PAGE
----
Tuesday, September 27, 2011
Four Weeks: Lost
Around and around the looping roads of the campground, I galloped an imaginary horse, clutching invisible reins in my hands. I was too old for imaginary horses. As a rising seventh-grader, I felt too old for a lot of things. But who cares about convention when you live in a tent? I was happy to stay a horse-crazy kid before school came and forced me to acknowledge those imminent teen years I'd been dreading.
In the lazy heat of midsummer, I stretched out on my red blanket in the shade and I drew several versions of my stable logo, for someday when I would own my own stable. I read SADDLE CLUB books and thought myself into them, and when the time came to get up off the blanket, to gallop my restlessness away, I had the horses pictured perfectly. I knew their names and personalities. I, on my own two feet, spooked at tree branches and gusts of wind. I whinnied and snorted and pawed the earth with my flip-flops. I tossed my tangled mane.
I must have looked plain crazy to everyone except my family. They were accustomed to me. They could see my imaginary horses.
Then one day, out of shy boredom, I silently nodded when a stranger asked me to seesaw. We didn't talk much and the awkwardness grew -- until she said, "This feels like jumping on a horse!" -- and I nearly fell off in shock.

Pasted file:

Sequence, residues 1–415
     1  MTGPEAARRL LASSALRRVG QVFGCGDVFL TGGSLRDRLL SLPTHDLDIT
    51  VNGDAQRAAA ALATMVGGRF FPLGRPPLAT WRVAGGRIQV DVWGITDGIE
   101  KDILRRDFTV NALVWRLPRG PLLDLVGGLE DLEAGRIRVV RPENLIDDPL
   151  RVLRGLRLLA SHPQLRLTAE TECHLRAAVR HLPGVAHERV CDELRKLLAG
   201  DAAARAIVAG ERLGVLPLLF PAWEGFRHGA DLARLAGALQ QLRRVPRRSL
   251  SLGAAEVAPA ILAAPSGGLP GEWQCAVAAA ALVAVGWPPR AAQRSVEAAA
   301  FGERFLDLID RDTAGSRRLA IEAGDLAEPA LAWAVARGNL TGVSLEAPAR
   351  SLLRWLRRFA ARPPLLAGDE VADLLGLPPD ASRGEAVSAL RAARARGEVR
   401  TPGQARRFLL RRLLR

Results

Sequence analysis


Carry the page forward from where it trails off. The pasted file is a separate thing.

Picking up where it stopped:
"You like horses, too?!"
There was hardly any silence for a week after that.
We spent the days cantering our bikes side by side along the lake. We swapped favorite horse books and favorite horse tips and favorite horse stories. When she finally had to leave, we stayed in touch for years.
Today is September 27. On this day five years ago, grown, and with the campground the furthest thing from my mind, I knelt in the pasture at the head of a horse named Stuff, who I met and started riding just a year after my campground time. I rode him for three years before I bought him at the age of 16, and spent the next nine years revolving around him like the earth around the sun.
I didn't know, in the campground, that those dreams I wanted so badly I could taste the dust and smell the leather were only a year away. And of course I didn't know how it would end, twelve years down the road. A morning too warm for September, the engine cooling from my long drive home, a breeze stirring wisps of hay that should have already been eaten. Except he wasn't hungry.
In every book I write, there is an animal and it is usually lost. There is Orange Cat in LIVVIE, lost to a car. There is Widdershins in BODY OF WATER, maybe lost to a fire.
I can write about being homeless and I can write about lost dogs and lost kitties and little girls who feel lost themselves. But I can't write about horses yet. Even while I ride my new horse and spend hours at his side, I can't write about horse-crazy little girls, jumping seesaws and cantering bicycles. I haven't found the right words to describe something that isn't there.